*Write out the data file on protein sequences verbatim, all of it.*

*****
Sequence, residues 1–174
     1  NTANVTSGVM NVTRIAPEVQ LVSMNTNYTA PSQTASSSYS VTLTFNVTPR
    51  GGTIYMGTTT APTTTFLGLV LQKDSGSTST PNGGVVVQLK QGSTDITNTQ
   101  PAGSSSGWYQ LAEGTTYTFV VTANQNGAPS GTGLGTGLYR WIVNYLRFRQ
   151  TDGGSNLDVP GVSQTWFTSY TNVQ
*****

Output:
Sequence, residues 1–174
     1  NTANVTSGVM NVTRIAPEVQ LVSMNTNYTA PSQTASSSYS VTLTFNVTPR
    51  GGTIYMGTTT APTTTFLGLV LQKDSGSTST PNGGVVVQLK QGSTDITNTQ
   101  PAGSSSGWYQ LAEGTTYTFV VTANQNGAPS GTGLGTGLYR WIVNYLRFRQ
   151  TDGGSNLDVP GVSQTWFTSY TNVQ